Angels in the outfield

The last time I attended a major league baseball game at a park outside of my hometown Bay Area was way back in the early 1980s, when I caught a couple of games at Dodger Stadium during my days at Pepperdine University.

So, when I found myself headed for Anaheim at the beginning of this month — you’ve already read about that, haven’t you? — I thought it might be fun to check out a tilt at Angel Stadium, the home of the most ridiculously named team in professional sports, the Los Angeles Angels of Anaheim. (Most ridiculous, that is, next to my beloved Golden State Warriors, whose geographical designation makes them sound like a Division III collegiate squad from Colorado.)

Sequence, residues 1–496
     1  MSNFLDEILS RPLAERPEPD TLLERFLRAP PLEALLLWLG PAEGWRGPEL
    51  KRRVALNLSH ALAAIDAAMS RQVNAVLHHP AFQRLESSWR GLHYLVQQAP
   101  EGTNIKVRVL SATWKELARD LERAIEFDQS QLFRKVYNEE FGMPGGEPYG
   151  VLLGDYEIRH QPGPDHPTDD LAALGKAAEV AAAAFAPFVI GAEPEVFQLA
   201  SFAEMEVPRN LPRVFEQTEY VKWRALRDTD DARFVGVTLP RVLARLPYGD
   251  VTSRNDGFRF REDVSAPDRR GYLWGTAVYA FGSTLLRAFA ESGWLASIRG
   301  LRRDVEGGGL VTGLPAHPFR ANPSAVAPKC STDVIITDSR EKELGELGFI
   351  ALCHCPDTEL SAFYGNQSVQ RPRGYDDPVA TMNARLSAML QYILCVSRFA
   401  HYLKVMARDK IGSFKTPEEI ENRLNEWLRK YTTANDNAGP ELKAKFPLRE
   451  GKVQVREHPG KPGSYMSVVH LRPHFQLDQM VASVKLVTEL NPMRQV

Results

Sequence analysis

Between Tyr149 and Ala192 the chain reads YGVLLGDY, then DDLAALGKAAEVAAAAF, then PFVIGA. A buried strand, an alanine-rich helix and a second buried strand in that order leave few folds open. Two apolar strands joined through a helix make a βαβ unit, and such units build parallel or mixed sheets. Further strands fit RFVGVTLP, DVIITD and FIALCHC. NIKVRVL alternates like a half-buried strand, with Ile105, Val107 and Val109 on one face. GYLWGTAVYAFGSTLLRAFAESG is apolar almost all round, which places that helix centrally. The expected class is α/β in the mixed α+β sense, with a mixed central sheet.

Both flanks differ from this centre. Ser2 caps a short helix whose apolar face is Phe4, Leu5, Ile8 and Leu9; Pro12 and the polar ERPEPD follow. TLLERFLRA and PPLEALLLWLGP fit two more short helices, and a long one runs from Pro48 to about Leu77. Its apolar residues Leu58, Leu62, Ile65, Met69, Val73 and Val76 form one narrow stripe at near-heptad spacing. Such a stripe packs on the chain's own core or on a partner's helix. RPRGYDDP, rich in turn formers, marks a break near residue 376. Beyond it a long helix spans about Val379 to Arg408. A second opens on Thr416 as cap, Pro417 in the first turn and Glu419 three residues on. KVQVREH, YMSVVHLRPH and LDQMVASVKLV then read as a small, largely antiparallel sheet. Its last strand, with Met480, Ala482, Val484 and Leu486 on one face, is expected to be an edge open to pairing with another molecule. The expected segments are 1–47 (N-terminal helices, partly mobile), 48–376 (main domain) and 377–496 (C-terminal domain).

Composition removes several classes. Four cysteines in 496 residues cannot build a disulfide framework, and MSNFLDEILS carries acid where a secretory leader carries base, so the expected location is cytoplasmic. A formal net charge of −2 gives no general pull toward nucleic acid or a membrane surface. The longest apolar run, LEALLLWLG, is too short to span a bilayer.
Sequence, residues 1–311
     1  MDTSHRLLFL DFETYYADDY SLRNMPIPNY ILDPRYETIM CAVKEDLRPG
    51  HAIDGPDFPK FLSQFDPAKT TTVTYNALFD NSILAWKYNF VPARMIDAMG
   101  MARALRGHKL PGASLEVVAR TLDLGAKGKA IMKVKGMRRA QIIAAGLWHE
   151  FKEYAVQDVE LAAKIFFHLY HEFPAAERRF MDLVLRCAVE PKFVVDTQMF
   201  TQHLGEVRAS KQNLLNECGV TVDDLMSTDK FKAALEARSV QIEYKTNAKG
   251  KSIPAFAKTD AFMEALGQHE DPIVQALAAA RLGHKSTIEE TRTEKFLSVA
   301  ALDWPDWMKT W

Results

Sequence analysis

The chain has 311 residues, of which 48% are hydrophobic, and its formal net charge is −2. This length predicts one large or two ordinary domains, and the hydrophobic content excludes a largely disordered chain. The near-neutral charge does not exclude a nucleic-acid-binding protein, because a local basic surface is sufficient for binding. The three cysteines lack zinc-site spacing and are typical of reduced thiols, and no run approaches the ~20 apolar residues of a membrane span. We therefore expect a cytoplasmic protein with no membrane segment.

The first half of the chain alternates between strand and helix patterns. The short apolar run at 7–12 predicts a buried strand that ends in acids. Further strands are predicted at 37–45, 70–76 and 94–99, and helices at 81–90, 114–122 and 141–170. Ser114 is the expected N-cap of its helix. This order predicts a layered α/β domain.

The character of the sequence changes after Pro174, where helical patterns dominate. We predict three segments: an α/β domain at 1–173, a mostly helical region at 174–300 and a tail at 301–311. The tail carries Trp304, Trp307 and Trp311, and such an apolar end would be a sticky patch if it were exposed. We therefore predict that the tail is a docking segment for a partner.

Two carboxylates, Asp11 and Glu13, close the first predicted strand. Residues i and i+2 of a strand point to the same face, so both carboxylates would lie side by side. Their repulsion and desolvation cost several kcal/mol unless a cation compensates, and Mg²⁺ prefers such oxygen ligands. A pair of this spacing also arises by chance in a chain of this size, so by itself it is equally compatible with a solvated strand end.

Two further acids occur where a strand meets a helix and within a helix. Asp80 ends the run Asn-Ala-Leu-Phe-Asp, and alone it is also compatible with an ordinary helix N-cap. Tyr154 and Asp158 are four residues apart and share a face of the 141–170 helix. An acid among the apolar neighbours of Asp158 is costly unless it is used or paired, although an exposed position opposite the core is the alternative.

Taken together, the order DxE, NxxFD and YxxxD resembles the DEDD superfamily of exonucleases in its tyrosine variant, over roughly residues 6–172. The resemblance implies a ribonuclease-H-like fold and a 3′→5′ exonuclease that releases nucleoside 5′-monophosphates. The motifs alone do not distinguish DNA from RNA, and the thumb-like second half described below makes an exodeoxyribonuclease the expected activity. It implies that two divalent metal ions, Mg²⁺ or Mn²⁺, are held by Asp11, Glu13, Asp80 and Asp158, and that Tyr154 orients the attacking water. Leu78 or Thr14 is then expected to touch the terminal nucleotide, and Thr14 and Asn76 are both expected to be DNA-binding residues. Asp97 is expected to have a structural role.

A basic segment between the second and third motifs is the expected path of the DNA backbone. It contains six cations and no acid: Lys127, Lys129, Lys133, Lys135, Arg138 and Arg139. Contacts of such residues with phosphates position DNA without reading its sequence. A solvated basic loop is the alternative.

Fortunately for me, the Angels were hosting the Baltimore Orioles on Sunday afternoon as I was bound for home. Online ticket in hand and Giants cap on my head, I joined the throng at the Big A (do they still call it the Big A?) for a dose of the national pastime in the southern California sun.

My impressions…

We Giants fans are totally getting ripped off on parking fees. Whenever I go to a game in San Francisco, it costs me $30 to stash my minivan in a lot two blocks from AT&T Park. In Anaheim, I paid a paltry eight bucks to park in a lot right on the property — close enough that with a decent tailwind, I could have hit the side of the stadium with a well-hurled baseball. The parking lot attendant enjoyed a good chuckle at my out-of-towner’s incredulity over how cheap the tariff was.